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FRONTIERS IN MEDICAL CASE REPORTS - Volume 2; Issue 3, (May-Jun, 2021)

Pages: 1-05
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Peritoneal Carcinomatosis Secondary to Papillary Renal Cell Carcinoma: Case Report

Author: Aubanell A, Mast R, Roche S, Semidey M, Suarez C, Trilla E

Category: Medical Case Reports


Renal cell carcinoma accounts for approximately 5% and 3% of all neoplasms diagnosed in men and women respectively, making it the 7th most common neoplasm in the adult population. Nowadays, localized neoplasm can be surgically treated and has a good overall prognosis. When presenting metastatic disease, the most frequent locations of metastasis are the lungs, liver, and bone. Approximately one third of patients with renal stage IV renal cell carcinoma will develop peritoneal metastatic disease but this is a rare presentation as first metastatic localization. We are presenting a 68-year-old patients who underwent partial nephrectomy to treat a localized renal carcinoma who three years after surgery presented peritoneal carcinomatosis as first metastatic location.

Keywords: Renal Cell Carcinoma, Peritoneal Carcinomatosis, Biopsy, CT-Scan, PET-CT


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Renal cell carcinoma accounts for approximately 5% and 3% of all neoplasms diagnosed in males and females respectively, making it the 7th most common neoplasm in the adult (Escudier et al., 2019)

The classical presentation of this entity consists of the following triad (Cohen and Mcgovern, 2005): pain on the affected flank, hematuria, and the palpable mass. Currently, this is a rare presentation, being more commonly found as an incidental finding in an imaging test (Cohen and Mcgovern, 2005).

Renal cancer is classified is four main groups according to its anatomopathological characteristics (Cohen and Mcgovern, 2005): clear cell carcinoma (75%), papillary carcinoma (12%), chromophobe carcinoma (4%) and oncocytoma (4%).

We are presenting a case of a patient with renal papillary carcinoma, an entity with a prevalence for the male sex (5:1). Papillary carcinoma can be classified in two subgroups (Escudier et al., 2019): type I and type II being the latter the one with worse prognosis and the greatest incidence of recurrences (Escudier et al., 2019). Although the prevalence of metastasis is more common in clear cell carcinoma than in papillary, the latter group has a worse prognosis when metastasis are present (Cohen and Mcgovern, 2005).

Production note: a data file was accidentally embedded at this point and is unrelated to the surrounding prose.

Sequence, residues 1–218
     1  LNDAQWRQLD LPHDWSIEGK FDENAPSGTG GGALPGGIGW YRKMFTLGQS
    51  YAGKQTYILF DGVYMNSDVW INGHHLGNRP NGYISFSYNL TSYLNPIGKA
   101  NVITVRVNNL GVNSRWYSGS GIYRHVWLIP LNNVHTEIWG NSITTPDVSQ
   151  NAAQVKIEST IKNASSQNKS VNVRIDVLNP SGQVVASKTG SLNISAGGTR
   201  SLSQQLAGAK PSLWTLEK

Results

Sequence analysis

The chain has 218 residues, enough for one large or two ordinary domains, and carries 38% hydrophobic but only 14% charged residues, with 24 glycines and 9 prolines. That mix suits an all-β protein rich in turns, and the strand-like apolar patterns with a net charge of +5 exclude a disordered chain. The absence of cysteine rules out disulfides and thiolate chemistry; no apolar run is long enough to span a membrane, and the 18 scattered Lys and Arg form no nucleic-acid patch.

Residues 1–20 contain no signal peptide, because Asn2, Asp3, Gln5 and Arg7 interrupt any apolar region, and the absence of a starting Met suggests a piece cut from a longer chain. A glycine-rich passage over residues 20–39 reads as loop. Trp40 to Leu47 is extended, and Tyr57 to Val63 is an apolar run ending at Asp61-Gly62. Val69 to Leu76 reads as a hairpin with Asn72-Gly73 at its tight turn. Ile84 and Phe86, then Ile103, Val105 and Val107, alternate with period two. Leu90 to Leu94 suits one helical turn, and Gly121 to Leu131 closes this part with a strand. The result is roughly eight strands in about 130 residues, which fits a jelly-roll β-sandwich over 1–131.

Peritoneal involvement of renal neoplasm is a rare complication that has not been systematically studied due to the low incidence of this complication. One cohort has reported incidences up to 20% during the evolution of the disease with an average time of 16 months between diagnosis of metastatic disease and the development of carcinomatous ascites (Sidana et al., 2017).

In our case the patient had peritoneal carcinomatosis as the first relapse of a kidney neoplasm intervened by laparoscopic partial nephrectomy. The special interest in this case lies in the infrequent presentation of this entity being peritoneal metastasis the first remote manifestation of a retroperitoneal neoplasm.

Clinical Presentation

We are presenting a 68-year-old male patient, active smoker. This patient had been diagnosed with a renal papillary type II adenocarcinoma at the inferior pole of 6 cm diameter (T1B, N0, M0) which was treated by laparoscopic partial nephrectomy three years before the present time. The patient had no other pathological history relevant to the case.

The patient showed no new signs of disease recurrence until a control CT study conducted three years after the intervention. In this abdominal CT study, performed with no iodate contrast due to the antecedent of an allergic reaction, we found reticulation of the peritoneal fat accompanied by multiple micronodules. This presentation is suggestive of peritoneal carcinomatosis and is classically defined as "omental cake" (Fig. 1) (Zamir et al., 2011). No other solid lesions or lymphadenopathies were found in the CT scan.

With these findings and taking into consideration the history of neoplastic disease a nuclear medicine test was performed in order to complete the study and assess possible neoplastic lesions not visualized in the abdominal CT study.